## Math Mondays::Silly Equivalencies.

On our trip to Yellowstone, we had a fantastic and fascinating discussions about bears.

Mostly because on the 7 mile dirt road up to our cabin, we came across a Grizzly bear ambling down the road. Grizzly. Bear. Windshield to Snout distance away. It beat a hasty retreat into the woods while Hubby yelled at me to roll the window back up. In an effort to get a picture, I’d instinctively rolled the window down to lean out and snap a shot. You can see where the brains of the family are. Someday, if you see video of a woman dying a ridiculous death at the hands of a totally avoidable wild animal, don’t be surprised if it’s me.

Anywho…that’s when the bear subject came up. Part of it centered on how much bears will eat in a day. Golfer had the chance to learn that when he helped hide food from some bears at the Grizzly and Wolf Discovery Center in West Yellowstone.

Here he is, hiding fruit and vegetables in the bear enclosure.

And here is one of the two bears, finding the food:

Golfer learned that in the late Summer months, a grizzly bear will eat up to 80-90 pounds per day to help stuff him up for a nice long hibernation.

This is where the math kicked in, as it always does when we venture into hypothetical situations of obscure facts (our favorite discussions to have, actually).

The kids started throwing out things like:

If a bear ate all watermelons, how many watermelons would that be? (they spontaneously discussed average weight, settling on about 2 pounds for an average watermelon)

How many quarter pounders would that be? (I loved listening to them figure this one out, dealing fluidly with fractions in their heads when they would balk if I sat down and wrote this out as a word problem)

How many chocolate shakes?

How many Sassy’s? (lol)

And then they started putting together combinations of things, like, watermelons + Sassy’s? (Sassy is 50 pounds, so how many more watermelons would he need to get to 80 pounds?)

This kind of silly equivalency game really never gets old. Even now that we’re home I know that the next time they hear a weight comparison of an object, in their heads they’ll be substituting it into a ‘bear food’ equivalency.

The sillier the equivalency, the better!

## Why I’m making a cloak instead of packing for Yellowstone…

In the precious 48 hours before undertaking a big trip I have not done any of the following: pack, prepare, clean out the car, gotten provisions, assembled sleeping bags, organized trip packs for the kids, printed out directions (although, with googlemaps on my iphone, maybe that’s not so important? Unless we’re driving through the middle of nowhere?), or any of the other 30458304958 things I need to be doing.

Instead, I’m doing this with Naturalist:

That pattern is for a black cloak, with a tasseled hood, lined with silver. It’s something Naturalist has wanted ever since beginning The Sword of Shannara book series. And this week she said she really, really wanted a cloak at Yellowstone.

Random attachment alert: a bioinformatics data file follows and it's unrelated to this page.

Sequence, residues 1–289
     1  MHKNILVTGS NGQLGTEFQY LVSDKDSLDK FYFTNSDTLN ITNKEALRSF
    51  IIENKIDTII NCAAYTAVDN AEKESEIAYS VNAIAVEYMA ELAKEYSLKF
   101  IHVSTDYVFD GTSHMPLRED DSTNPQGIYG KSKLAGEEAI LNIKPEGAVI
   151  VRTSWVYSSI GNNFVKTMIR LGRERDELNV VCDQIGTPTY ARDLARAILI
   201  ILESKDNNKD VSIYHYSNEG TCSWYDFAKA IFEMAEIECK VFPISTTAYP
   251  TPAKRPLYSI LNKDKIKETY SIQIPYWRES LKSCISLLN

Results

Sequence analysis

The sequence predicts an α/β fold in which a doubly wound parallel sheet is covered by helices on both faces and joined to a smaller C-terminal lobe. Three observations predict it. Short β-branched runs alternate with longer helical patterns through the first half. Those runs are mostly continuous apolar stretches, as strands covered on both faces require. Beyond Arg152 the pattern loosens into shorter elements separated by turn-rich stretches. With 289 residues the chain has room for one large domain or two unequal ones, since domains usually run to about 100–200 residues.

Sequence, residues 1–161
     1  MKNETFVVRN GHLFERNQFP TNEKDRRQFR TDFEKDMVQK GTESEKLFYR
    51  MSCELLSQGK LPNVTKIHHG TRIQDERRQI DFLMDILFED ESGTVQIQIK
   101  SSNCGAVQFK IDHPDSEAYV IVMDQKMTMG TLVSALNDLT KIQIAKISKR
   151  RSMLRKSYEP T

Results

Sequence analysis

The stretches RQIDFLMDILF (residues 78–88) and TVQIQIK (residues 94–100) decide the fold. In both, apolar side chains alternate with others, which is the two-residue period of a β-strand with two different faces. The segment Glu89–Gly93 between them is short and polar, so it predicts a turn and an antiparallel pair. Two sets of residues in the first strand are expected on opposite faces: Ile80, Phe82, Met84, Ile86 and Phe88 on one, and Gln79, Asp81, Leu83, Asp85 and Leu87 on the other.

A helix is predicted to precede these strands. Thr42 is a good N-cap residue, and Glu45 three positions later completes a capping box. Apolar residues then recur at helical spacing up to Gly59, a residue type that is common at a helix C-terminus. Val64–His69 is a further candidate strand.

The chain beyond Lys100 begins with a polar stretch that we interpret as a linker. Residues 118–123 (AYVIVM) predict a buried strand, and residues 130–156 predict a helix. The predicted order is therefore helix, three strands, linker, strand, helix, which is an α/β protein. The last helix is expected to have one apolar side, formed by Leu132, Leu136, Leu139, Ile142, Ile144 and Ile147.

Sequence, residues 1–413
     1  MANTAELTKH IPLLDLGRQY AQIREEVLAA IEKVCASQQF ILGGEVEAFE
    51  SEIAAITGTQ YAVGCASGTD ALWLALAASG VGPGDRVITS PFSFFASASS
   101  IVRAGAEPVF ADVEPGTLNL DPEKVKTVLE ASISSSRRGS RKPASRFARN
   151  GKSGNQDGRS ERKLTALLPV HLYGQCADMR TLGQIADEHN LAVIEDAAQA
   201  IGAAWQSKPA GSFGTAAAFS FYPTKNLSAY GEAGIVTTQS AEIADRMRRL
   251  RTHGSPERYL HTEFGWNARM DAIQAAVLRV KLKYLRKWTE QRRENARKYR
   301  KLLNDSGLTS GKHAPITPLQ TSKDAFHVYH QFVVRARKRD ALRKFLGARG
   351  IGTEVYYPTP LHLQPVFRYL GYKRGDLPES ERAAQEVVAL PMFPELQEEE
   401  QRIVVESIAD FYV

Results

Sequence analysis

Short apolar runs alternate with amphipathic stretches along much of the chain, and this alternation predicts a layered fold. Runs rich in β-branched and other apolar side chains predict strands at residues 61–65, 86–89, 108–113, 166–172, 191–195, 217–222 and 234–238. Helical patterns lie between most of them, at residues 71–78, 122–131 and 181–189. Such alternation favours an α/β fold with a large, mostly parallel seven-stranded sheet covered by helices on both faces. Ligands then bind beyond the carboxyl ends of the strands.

I could tell it meant a lot to her. As an unschooler, I’ve made it my job to keep my feelers out for experiences or activities that will really engage my kids in something deeply. Learning is all about connections, and my day is full of helping them make those connections in their lives. This, I knew, would be a big moment for her…both making the cloak and wearing it in and around Yellowstone.

She wanted it black, to blend into the night, and silver to blend in with the wolves in that National Park. Last time we were there we spotted some wolves, and she’s always had a thing for them. As much as there is to do, I would gnaw off my arms before I’d let a big moment pass by. So, that’s why we’ve been immersed the last 2 days in cloak making.

I suck at sewing, but a friend came to the rescue and we’re almost done with the thing. I think, if I don’t manage to mess it up in the final stretch, it’s going to look totally cool. Perfect for communing with wolves in Yellowstone and walking around a misty lake by our cabin.

## Plans!

Not quite ready to surrender summer to fall, even though the nights are cool enough to switch over to my flannel pajama pants (rawr!), here at Chez Childplay we are preparing for one final summer vacation. Well, to be precise, it will be Naturalist and my second to last summer vacation, but I’m getting ahead of myself. It will be our final family summer vacation, to our favorite place for such a thing…

The last time we went was 3 years ago…Sassy was 2 and was on Lake Hebgen right outside our cabin when I took this picture:

This year I have my precious, the DSLR, and am practically salivating over what kinds of shots there are to be found in Yellowstone. I tried it out in Yosemite and Sequoia National Parks (which you don’t know because I’ve been to busy (or…lazy?!) to blog about those trips) and Yellowstone will make a nice trifecta of National Park pictures this year.

Planning for this trip is not unlike planning a campaign for a small invasion. By the time we leave to make the 12 hour drive up to West Yellowstone (mileage wise it’s only 9 hours, but who are we kidding?! With 3 kids and a dog, we could easily triple that just in potty breaks!) I’m already exhausted, having planned the meal menu for the week, packed the clothes and cooking supplies, made sure the car was clean and stocked with things like wipes, plastic bags, paper towels, etc., etc. But the Park will restore me! As will nights on the lake, making smores by a campfire, hiking around geysers, watching bison amble down the road, finding animal tracks and scat with Naturalist, mornings making Deluxe Hot Chocolate (first time this year! And, btw, since that post almost 2 years ago we’ve added another step to deluxe hot chocolate making…a big scoop of vanilla ice cream in super hot hot chocolate…), and evenings playing card games with the family.

Educational experiences masked as a leisurely trip…my favorite!